I swallowed the magic pill about 30 minutes prior to the test....and the effects were nearly instantaneous. A warm, comforting wave of oblivion made it's way through my body, settling into the part of the brain that controls claustrophobia (as well as the ability to function - which really didn't matter.)

I handed my insurance card to the friendly lady at the registration desk (or it might have been my credit card, or my library card, or a photo of my daughter - I'm honestly not sure). Then I handed my valuables to Bob and followed the technician  to the back where I entered the.....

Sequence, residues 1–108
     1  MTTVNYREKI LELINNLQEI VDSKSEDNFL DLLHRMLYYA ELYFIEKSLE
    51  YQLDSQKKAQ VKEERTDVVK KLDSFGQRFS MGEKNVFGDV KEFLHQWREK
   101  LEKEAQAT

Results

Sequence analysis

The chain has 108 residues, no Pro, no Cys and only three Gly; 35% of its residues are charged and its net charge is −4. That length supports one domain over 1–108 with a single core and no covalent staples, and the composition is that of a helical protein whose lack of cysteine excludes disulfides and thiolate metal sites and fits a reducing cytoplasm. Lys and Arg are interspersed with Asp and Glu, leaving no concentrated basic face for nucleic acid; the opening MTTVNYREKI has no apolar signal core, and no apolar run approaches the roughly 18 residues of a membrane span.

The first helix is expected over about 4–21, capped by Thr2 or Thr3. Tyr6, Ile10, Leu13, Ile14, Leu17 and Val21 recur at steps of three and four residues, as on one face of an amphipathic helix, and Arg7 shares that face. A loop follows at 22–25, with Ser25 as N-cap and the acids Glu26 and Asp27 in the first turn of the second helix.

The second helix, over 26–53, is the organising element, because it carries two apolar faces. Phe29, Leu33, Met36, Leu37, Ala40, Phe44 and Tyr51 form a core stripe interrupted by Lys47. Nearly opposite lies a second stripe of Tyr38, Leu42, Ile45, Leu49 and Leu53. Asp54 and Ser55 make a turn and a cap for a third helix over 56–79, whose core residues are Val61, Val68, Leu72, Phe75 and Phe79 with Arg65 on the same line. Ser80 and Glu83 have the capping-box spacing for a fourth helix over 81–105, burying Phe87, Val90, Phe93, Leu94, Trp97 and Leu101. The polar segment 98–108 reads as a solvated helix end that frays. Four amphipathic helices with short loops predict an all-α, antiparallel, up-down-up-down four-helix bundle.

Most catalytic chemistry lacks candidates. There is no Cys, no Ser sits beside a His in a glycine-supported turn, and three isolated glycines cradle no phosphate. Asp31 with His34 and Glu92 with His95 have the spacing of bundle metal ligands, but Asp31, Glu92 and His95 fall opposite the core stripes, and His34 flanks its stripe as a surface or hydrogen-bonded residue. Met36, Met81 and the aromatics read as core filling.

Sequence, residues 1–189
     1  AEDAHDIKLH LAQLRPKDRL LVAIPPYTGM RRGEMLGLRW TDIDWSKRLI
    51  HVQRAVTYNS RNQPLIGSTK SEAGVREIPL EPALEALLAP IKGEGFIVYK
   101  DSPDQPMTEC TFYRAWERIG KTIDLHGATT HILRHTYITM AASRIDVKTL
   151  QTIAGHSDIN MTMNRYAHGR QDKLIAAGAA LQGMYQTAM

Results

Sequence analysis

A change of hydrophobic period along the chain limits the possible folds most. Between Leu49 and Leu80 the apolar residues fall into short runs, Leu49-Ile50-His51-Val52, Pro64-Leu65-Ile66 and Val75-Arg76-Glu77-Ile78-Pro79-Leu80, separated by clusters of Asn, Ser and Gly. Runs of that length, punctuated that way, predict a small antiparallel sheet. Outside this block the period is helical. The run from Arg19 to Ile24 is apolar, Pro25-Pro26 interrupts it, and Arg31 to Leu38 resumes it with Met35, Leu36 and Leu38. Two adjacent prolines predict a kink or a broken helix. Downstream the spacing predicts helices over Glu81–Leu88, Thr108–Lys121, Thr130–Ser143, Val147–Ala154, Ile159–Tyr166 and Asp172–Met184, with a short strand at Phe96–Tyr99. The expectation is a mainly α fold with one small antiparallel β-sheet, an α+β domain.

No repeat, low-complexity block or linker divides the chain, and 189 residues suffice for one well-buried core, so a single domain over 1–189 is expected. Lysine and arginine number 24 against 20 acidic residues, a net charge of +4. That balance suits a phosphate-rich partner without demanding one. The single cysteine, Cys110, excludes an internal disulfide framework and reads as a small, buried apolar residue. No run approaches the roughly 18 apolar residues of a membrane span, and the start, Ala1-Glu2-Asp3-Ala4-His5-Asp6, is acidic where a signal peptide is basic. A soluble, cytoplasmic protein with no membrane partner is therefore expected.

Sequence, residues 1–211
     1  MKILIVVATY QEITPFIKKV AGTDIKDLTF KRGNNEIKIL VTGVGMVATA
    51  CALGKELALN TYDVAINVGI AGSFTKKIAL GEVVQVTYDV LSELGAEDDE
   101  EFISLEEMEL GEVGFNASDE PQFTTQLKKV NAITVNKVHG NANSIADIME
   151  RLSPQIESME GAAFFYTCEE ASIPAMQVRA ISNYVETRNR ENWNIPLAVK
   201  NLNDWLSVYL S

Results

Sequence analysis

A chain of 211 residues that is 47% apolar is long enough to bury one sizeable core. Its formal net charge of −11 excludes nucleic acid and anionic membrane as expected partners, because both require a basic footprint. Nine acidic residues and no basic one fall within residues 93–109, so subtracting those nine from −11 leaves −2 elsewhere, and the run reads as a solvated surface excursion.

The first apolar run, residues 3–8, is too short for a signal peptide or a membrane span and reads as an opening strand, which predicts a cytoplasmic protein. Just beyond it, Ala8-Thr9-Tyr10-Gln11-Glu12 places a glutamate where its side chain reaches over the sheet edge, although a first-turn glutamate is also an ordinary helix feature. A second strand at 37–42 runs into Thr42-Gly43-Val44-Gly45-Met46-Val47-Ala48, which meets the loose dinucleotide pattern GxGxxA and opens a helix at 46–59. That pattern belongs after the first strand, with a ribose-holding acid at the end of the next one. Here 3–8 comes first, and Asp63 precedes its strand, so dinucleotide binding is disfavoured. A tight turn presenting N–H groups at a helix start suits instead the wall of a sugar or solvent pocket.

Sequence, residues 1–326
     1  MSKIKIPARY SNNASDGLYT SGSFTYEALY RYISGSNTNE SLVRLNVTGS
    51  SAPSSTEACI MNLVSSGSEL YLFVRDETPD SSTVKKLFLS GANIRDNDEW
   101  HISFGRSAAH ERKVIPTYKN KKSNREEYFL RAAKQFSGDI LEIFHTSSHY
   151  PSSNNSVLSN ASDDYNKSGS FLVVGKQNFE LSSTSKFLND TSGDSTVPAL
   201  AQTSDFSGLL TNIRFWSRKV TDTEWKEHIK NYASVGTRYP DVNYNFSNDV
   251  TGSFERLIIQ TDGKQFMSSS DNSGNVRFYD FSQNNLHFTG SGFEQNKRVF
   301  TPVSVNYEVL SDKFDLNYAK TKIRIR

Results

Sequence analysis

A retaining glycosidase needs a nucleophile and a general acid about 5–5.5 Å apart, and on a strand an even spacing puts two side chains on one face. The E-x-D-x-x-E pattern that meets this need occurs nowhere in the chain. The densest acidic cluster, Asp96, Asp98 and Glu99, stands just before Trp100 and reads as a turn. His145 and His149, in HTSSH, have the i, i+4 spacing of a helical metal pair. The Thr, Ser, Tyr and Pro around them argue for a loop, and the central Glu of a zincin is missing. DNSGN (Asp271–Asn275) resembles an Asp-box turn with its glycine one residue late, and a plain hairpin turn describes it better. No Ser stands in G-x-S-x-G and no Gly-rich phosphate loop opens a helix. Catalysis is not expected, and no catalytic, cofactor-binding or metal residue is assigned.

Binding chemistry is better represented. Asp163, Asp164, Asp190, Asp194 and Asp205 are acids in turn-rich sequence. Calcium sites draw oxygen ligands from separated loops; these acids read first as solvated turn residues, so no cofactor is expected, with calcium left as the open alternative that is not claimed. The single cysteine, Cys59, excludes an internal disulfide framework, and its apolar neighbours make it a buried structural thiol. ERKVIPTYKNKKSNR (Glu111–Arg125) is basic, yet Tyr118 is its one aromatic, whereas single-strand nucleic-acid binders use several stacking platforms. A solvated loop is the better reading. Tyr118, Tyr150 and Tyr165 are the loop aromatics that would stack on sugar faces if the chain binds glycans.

(cue Twilight Zone Music)

Chamber of Horrors!

The MRI sat there, looking innocent enough. But I knew that its wide, open mouth was just waiting to swallow me alive.

But thanks to the valium, being swallowed alive didn't seem to be such a terrible fate anymore.

The technician had seen cases like mine before. Seems that crippling claustrophobia is not a unique problem.

She placed a blindfold over my eyes, shielding my view of the belly of the beast. In addition, ear plugs helped drown out the sound of the machine's terrifying knocks and booms as it digested its latest prey.

Thanks to the valium, the blindfold, and the ear plugs, the 15 minute test seemed to last a mere 30 seconds. When the technician entered the room and pulled me out of the belly of the beast, my foggy brain soon came to the realization.

I had survived!

I bid farewell to the kind technician, then allowed Bob to guide me to the car, drive me home, and put me to bed so that I could sleep off the effects of the valium.